In my line of work in Australia the big deal is going "on country". We are a law firm that works with Aboriginal groups to gain native title over their land. Native title doesn't give the group ownership rights, but it does give them the right to negotiate with mining companies and the State. The groups can negotiate issues of cultural heritage and royalties from mining operations, to name a few.
I researching land rights and cultural heritage issues, which is great, I love what I'm doing. I did not expect to get to go on country as I am just a lowly intern. I really wanted to go but I kept thinking "why would they pay for me to go out in the field when I don't actually work for them?" To my great surprise, I got a call last Monday night from my supervisor who told me to pack a bag because I would be leaving for country on Tuesday night. I was excited for two main reasons: I would be able to meet with actual clients for the first time and I would be able to travel to the bush on the company's dime.
So off I went to the airport after work on Tuesday. Our meetings weren't for anything particularly specific, we just needed to address some concerns that two different groups of clients had. The flight only lasted an hour, then we were in the bustling metropolis of Dubbo, Australia. We got in around 8:30pm and had trouble finding a restaurant that was open at that hour. We did find a nice Italian place so I was a happy camper. The next day we hopped in the car for a 3+ hour drive to our next destination, Narrabri. After about 45 minutes I was handed the keys. Driving on the opposite-of-normal side of the car on the opposite-of-normal side of the road is a bit intimidating! It is stupid little things like that that I will remember when I go home. I loved that I was brave enough to try it (and old enough to be covered by the insurance!).
The first meeting went really well. I was surprised at how welcoming everyone was toward me. The Aboriginal people have been treated poorly for so long that I guess I expected them to instantly dislike outsiders. I'm not sure why because the guys we met with were very kind and included me in the discussions.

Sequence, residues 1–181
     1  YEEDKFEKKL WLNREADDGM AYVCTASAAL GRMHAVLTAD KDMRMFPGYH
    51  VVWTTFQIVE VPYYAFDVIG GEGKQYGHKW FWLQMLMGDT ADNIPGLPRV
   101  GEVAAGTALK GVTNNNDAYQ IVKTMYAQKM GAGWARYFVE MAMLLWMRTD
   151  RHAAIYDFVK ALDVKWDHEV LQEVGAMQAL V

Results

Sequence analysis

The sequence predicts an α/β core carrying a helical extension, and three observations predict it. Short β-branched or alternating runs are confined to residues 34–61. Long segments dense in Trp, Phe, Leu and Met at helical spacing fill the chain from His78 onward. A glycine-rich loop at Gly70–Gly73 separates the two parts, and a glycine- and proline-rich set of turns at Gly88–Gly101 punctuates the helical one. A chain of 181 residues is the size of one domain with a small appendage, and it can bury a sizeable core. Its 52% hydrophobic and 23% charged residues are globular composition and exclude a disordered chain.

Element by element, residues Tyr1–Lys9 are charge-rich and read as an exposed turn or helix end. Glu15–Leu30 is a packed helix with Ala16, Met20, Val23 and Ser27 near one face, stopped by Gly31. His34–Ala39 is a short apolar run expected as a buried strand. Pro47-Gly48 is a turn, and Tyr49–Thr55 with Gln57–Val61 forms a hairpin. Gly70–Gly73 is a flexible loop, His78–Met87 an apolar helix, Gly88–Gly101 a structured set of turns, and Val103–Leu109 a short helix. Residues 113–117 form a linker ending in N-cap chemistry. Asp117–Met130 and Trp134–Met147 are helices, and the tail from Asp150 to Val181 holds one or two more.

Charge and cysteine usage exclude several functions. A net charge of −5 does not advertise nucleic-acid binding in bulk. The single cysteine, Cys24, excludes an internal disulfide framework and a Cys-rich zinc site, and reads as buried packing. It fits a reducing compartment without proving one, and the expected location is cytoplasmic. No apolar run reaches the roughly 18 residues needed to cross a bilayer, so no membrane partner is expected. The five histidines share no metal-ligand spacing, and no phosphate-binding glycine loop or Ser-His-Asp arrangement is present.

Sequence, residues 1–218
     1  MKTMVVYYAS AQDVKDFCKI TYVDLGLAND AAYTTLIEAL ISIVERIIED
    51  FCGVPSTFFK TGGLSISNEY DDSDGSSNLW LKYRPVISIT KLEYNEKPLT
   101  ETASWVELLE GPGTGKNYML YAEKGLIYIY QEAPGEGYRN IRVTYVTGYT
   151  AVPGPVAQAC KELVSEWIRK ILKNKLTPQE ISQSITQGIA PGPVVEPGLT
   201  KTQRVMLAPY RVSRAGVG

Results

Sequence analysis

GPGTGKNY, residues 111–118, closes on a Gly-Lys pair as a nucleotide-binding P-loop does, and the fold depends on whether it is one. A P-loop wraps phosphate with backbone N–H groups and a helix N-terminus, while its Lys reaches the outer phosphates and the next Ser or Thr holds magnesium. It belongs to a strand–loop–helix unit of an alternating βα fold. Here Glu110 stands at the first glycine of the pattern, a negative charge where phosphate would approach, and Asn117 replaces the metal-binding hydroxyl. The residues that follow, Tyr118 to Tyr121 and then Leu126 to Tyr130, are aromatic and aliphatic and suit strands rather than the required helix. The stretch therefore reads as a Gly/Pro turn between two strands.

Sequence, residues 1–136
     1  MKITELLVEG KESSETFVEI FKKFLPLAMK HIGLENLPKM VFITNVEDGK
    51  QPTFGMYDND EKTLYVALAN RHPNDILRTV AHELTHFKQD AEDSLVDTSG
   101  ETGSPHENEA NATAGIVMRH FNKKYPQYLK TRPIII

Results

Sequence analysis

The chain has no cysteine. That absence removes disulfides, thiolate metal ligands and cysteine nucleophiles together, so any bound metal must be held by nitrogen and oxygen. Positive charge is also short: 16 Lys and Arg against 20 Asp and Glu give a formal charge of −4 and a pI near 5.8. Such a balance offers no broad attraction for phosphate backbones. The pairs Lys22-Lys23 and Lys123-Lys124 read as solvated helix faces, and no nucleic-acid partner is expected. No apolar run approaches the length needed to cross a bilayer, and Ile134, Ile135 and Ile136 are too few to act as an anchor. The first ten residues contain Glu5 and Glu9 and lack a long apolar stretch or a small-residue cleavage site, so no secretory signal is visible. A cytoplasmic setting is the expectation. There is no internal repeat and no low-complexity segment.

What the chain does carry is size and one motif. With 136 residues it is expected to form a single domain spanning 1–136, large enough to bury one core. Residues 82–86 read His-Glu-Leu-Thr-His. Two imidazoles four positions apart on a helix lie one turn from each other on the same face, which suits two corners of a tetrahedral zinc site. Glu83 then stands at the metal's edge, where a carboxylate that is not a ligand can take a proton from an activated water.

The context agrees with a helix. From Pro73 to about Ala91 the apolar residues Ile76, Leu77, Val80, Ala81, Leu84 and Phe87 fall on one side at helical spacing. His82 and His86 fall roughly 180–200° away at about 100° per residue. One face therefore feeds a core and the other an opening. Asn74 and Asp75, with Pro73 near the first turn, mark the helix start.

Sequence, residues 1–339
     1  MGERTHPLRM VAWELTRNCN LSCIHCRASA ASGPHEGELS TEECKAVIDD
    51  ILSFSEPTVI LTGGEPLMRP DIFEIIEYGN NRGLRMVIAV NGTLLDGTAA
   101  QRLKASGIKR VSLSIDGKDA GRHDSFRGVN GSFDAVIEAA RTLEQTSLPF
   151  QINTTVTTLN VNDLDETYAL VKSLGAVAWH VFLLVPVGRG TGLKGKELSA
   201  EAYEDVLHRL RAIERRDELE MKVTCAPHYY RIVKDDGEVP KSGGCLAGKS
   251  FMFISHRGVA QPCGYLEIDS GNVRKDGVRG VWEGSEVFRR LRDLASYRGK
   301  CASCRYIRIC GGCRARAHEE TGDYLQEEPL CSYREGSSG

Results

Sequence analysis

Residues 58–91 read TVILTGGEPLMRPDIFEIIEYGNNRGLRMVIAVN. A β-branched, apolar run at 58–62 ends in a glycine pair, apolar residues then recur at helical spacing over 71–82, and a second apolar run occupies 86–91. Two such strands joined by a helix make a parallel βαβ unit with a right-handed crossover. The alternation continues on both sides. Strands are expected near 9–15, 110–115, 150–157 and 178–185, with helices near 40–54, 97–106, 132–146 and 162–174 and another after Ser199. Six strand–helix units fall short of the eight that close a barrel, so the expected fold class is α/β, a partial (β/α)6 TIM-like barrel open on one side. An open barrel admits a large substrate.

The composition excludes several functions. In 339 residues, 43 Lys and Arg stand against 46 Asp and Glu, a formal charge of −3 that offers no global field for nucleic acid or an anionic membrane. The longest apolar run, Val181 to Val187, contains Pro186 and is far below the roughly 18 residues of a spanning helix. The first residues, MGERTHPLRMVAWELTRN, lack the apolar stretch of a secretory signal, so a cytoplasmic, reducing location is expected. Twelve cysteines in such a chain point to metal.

After the meeting we drove another hour+ to meet with a family that was part of the native title group. They were also very nice. They welcomed me into their home and treated me as if they had known me for awhile. One of their family members is a well known local Aboriginal artist so I was shown several pieces of art that he had painted, ranging from canvas paintings to didgeridoos to emu eggs. They were very beautiful. I've completely fallen in love with traditional Aboriginal art since I've been here, I've even purchased some. In any case, I asked to hold an emu egg since I'd never seen one before and they kindly obliged. They are a very interesting egg. Perfectly oval, green speckled and very beautiful. As we were sitting in the car mapping our route out of town, a family member ran to the car with an emu egg for me. They wanted me to keep it and take it home to the States. It was the best souvenir I've ever gotten in my life! Every time I look at it I will absolutely remember my time on country with our Aboriginal clients and smile. It is truly one of the most unique objects I have ever owned. Provided that I can get it back to the States in one piece!! Additionally, the countryside was beautiful AND I got to see wild kangaroos with joey's in their pouches. It was very cool.
Overall, this whole experience has been one of the best in my life, made all the better because my coworkers are awesome! They were really pulling for me to go on country and were excited for me when I got to go. Although I only got to go for about a day and a half, it is a day and a half that I will remember fondly for the rest of my life. Not many people get to have the experience that I had and I am very lucky to have had it.